For years, the truism ran that drum and bass, despite pockets of true believers across the nation, would, in America, remain a specialty taste within electronic music, never mind pop. But, over the past few years, the genre has risen sharply in visibility, both in the U.S. and globally. Some of this is due to TikTok, where artists like the young British vocalist PinkPantheress — who sampled Adam F’s drum-and-bass classic “Circles” for her viral hit “Break It Off” — and piri, whose sprightly, slinky liquid D&B single “soft spot” has now passed 12 million Spotify plays, got their first boosts.
But TikTok is only part of the story. The drum-and-bass revival has been manifesting over the past few years in the DJ world. “It’s very common to hear D&B out, and with increasing frequency,” says New Yorker DJ Voices (Kristin Malossi), who plays regularly at venues such as Nowadays and Good Room. “More parties are booking D&B DJs at techno clubs, and plenty of techno DJs are playing D&B.”
The surge is worldwide — from Indonesia to Australia — but the U.S. has been particularly voracious for drum and bass. “I was fortunate enough to have packed-out rooms with people absolutely losing their shit,” says London DJ Sherrelle, whose 2020 edition of BBC Radio 1’s Essential Mix was voted the top set of the year, the day after her U.S. tour finale in New York. “People might [once] have said, ‘You can’t go to the U.S. and play this.’ Now, you can absolutely do it.”
When it began three decades ago, drum and bass was known as jungle and built on rolling sampled breakbeats that, in pushing past 140 BPM, were considered wildly fast compared to house music, which hovered, then as now, in the 120s. By the mid-Nineties, leery of the racial connotations associated with the word “jungle,” the music became re-branded as drum and bass, or D&B, just as the music began paring down to rhythmic basics — staggered two-step beats replaced the rolling breaks — and sped up, over time, to a comfortable 170 BPM, allowing dancers to skank along to the sludgy, half-time bass lines.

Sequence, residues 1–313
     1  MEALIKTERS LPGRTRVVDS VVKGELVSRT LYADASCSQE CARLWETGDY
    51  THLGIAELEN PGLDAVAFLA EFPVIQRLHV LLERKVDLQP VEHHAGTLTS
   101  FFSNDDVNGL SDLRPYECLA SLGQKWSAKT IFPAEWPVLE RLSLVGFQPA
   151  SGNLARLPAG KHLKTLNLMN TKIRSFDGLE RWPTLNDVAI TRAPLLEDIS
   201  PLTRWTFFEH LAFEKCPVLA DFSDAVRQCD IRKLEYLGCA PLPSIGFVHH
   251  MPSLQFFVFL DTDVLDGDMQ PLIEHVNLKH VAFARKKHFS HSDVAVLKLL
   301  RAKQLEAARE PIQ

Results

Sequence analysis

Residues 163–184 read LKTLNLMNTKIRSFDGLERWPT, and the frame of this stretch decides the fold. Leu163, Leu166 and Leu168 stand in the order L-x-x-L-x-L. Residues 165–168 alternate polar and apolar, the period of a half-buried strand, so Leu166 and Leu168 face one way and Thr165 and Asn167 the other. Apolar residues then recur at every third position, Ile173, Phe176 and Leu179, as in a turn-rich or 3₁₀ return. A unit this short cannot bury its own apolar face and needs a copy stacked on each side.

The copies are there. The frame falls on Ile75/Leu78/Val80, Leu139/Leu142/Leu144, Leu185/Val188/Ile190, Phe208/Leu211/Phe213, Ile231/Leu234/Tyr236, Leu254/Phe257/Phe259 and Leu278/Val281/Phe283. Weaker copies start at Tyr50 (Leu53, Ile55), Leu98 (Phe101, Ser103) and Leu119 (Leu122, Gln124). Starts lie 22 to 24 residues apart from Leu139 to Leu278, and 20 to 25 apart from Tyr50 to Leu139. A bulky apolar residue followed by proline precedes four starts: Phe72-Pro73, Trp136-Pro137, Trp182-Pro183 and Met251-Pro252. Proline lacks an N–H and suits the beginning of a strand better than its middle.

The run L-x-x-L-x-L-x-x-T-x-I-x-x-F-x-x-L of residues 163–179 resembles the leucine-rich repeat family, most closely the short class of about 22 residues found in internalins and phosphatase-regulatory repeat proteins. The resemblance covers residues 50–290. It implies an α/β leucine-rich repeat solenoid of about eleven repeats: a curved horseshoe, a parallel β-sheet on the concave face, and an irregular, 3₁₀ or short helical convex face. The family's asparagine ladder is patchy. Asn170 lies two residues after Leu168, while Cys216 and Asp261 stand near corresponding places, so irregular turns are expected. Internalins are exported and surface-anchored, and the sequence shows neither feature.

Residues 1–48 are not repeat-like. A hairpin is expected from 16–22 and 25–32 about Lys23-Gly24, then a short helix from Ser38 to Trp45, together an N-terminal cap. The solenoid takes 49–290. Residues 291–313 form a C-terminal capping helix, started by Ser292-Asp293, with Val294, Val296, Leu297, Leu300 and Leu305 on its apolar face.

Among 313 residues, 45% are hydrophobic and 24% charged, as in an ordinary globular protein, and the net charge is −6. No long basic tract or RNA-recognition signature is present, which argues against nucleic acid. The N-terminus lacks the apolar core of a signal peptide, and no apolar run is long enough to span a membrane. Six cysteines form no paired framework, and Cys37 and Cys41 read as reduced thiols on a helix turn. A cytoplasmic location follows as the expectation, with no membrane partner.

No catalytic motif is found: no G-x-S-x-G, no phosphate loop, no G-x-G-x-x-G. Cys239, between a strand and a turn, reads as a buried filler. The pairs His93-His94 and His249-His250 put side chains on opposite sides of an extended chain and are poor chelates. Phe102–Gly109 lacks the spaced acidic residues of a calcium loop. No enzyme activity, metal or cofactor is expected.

Drum and bass also lives comfortably in a U.K. musical lineage that encompasses Soul II Soul, Amy Winehouse, and PinkPantheress. “You could go to a majority Black club tonight and hear dancehall, R&B, U.S. hip-hop, and drum-and-bass classics as part of a standard night out,” says Joe Muggs, author of the U.K. sound-system oral history Bass, Mids, Tops. In Britain, he adds, “Drum and bass was always part of pop culture — you would hear it on TV bumpers, idents on adverts.”
From rock & roll to hip-hop and house, U.K. artists have long offered interpretations of imported Black musical styles. But drum and bass was Britain’s first indigenously produced Black genre. “When it’s music of Black origin, you feel a sense of pride,” says Sherrelle. “Drum and bass is a very intrinsically a part of the U.K. blueprint, the DNA of it all.”
That’s integral to D&B’s intergenerational appeal. “I’ve just been on a film shoot, and somebody said, ‘My dad played me this music,’” actor and D&B pioneer Goldie recalls with a warm laugh. It’s more evidence that in the U.K. drum and bass has become, as he puts it, “the new Motown.”